Fascinatingly, some 400 footballers in the top two divisions in England and Scotland would lose, as of today’s legislation, the right to play and work in the UK. We might see this in positive terms – young home grown talent perhaps being given more of a shot – or football audiences may be less impressed by the standards of the resulting football on offer. Interestingly, two talents who have lit up the Premier League this season, N’Golo Kante and Dimitri Payet would not have been allowed to ply their trade in England under the current rules.

Will employment within a relatively self governing country feel any different to working life within the EU? Will we look on our employers in the same way? If we’ve signed up to work, think and act internationally –will life outside feel the same?

In many ways, little of day-to-day practical relevance will change. But what about the more philosophical? For those organisations attempting to reach out to suppliers, networks, clients and prospects across the EU, post a vote for Brexit, will those efforts face a less welcoming reception?

There is an interesting position too around diversity. Will UK organisations, should the country vote for leaving the EU, be able to claim with plausible merit that they are as inclusive and open to all applications if the door has now closed for some candidates?

Whatever economic wobbles we are currently experiencing –some of which have their origins in the uncertainty of the referendum vote –the latest REC/KPMG Report on Jobs suggests that 79% of employers feel that economic conditions are improving and that 81% are planning to hire more permanent staff in the next quarter. Perhaps more alarmingly, 95% are operating with no or little capacity to take on further work.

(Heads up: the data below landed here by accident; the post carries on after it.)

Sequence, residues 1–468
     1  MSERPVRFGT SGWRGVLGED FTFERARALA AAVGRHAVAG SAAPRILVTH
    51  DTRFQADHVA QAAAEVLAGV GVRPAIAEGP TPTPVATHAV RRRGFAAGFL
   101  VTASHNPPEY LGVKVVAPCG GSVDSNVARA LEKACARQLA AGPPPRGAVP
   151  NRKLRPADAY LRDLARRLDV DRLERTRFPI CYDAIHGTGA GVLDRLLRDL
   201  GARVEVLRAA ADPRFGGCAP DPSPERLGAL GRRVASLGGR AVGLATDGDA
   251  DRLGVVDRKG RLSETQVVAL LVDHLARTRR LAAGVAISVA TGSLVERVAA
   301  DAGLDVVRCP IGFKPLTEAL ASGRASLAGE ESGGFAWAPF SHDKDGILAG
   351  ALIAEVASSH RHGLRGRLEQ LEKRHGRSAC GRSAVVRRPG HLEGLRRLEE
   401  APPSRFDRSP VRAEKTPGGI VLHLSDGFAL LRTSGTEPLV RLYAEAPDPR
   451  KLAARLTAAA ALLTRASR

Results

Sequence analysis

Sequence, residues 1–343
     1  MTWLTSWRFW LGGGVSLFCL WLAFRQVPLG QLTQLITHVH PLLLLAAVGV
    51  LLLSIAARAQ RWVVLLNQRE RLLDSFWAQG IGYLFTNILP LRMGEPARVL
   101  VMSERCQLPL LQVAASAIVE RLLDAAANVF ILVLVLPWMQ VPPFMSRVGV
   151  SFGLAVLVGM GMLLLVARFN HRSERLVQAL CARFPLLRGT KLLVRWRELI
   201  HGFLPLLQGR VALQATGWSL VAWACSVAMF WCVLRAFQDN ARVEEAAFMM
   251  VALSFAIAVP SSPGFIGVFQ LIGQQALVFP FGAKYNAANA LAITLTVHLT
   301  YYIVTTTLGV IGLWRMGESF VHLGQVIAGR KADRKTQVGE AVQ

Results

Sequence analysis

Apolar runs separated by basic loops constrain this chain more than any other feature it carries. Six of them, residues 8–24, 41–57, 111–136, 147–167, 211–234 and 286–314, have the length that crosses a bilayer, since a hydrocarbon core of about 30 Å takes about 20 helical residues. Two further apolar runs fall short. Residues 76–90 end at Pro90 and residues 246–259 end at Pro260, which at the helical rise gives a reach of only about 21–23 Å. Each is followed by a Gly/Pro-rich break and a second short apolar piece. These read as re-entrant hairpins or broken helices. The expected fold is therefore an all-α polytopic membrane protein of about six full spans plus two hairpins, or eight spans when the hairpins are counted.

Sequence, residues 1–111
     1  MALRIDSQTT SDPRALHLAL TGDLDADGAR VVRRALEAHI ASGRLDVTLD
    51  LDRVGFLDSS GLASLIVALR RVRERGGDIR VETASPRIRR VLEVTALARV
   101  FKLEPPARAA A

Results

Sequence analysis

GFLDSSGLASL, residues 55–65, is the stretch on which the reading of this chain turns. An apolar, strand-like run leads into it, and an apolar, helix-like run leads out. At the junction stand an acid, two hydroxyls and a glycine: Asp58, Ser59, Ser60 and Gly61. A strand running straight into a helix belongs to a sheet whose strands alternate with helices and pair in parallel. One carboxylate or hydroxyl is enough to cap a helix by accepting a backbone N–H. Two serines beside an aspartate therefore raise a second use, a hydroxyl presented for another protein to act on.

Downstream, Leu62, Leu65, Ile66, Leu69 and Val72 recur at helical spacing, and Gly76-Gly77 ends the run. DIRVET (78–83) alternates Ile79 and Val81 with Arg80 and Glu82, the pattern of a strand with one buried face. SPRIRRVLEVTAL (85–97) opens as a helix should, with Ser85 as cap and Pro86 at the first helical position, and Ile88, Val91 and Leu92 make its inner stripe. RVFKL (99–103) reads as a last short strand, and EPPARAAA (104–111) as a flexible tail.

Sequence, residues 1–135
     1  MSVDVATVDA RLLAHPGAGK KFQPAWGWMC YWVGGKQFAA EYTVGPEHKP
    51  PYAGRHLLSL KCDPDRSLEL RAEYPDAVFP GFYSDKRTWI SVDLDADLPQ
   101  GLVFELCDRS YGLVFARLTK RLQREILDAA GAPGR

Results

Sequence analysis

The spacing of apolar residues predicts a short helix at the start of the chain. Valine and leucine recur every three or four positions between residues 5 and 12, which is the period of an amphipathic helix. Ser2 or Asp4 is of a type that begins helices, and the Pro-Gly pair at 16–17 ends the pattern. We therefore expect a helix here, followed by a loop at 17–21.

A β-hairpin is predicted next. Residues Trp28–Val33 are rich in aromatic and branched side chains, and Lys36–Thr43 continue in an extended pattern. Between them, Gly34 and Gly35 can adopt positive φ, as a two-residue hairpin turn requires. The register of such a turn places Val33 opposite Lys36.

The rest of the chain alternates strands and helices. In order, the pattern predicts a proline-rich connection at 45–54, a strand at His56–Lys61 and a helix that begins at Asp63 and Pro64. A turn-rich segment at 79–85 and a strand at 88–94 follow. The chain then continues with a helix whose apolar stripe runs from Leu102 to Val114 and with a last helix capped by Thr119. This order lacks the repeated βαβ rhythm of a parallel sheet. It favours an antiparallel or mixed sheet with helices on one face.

Talent remains of huge importance to organisations wishing to grow. And recruiting in the current competitive market with far less recourse to candidate audiences such as the EU – is there a sense that this risks disadvantaging UK organisations? As the ONS figures point out, of the half million or so jobs the domestic economy has created in the last 12 months, more than 200,000 have been filled by candidates originating from outside the UK but within the EU.

It is up to us all to make a personal decision as to whether we feel we belong within or without the EU. And the factor of age may be a huge influence on the vote. An Opinium poll this weekend suggested that 53% of voters aged between 18 and 34 were in favour of staying, with just 29% wanting to leave the EU.

And this is an age group closely representative of the talent pools many organisations will want to forge links with. Given, according to the Times over the weekend, that many banks are quietly making plans to move operations from London to Paris and Frankfurt in the advent of Brexit, we need to make sure the best of young UK talent, with choice and options, doesn’t make a similar decision.

From Thursday 23rd June, it will be fascinating to understand whether UK employees continue to have the same sense of belonging, unity and shared purpose that the best organisations are able to create.

Neil Harrison | Head of Employer Branding | neil.harrison@tmpw.co.uk